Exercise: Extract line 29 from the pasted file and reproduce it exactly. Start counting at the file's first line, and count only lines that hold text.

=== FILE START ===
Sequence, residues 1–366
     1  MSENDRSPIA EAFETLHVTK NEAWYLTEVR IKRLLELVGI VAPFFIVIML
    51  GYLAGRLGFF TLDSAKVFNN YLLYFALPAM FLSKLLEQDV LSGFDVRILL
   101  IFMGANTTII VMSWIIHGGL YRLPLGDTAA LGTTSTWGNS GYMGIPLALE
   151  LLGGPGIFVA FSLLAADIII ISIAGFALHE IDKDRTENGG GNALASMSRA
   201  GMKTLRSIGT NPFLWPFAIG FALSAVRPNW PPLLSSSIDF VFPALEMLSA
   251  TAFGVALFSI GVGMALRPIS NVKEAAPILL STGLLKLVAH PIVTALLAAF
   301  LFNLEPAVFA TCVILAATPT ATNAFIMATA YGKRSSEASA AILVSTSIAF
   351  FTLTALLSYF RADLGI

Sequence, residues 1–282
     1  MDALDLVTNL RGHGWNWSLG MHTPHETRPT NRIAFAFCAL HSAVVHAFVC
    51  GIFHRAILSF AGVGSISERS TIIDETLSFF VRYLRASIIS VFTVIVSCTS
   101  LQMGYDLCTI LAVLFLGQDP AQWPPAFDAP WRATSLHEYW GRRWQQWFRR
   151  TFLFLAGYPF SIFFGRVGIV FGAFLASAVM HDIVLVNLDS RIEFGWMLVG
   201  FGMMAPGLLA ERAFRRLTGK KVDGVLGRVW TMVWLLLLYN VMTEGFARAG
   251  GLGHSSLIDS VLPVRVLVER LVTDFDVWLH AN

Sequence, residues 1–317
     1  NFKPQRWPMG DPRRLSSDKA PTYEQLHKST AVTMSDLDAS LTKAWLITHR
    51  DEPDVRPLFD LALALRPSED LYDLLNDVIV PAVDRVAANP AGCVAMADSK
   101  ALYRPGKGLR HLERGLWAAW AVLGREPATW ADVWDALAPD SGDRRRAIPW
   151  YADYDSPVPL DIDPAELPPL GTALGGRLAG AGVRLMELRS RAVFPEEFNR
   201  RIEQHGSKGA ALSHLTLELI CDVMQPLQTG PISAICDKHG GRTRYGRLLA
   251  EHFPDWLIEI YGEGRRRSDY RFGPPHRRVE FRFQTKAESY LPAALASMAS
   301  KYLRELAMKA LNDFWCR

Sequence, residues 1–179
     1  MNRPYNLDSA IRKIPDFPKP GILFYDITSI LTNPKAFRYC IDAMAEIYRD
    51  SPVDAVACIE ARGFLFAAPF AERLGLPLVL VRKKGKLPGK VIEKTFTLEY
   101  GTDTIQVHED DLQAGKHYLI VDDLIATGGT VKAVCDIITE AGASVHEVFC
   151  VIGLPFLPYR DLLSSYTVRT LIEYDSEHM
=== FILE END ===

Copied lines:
   151  VIGLPFLPYR DLLSSYTVRT LIEYDSEHM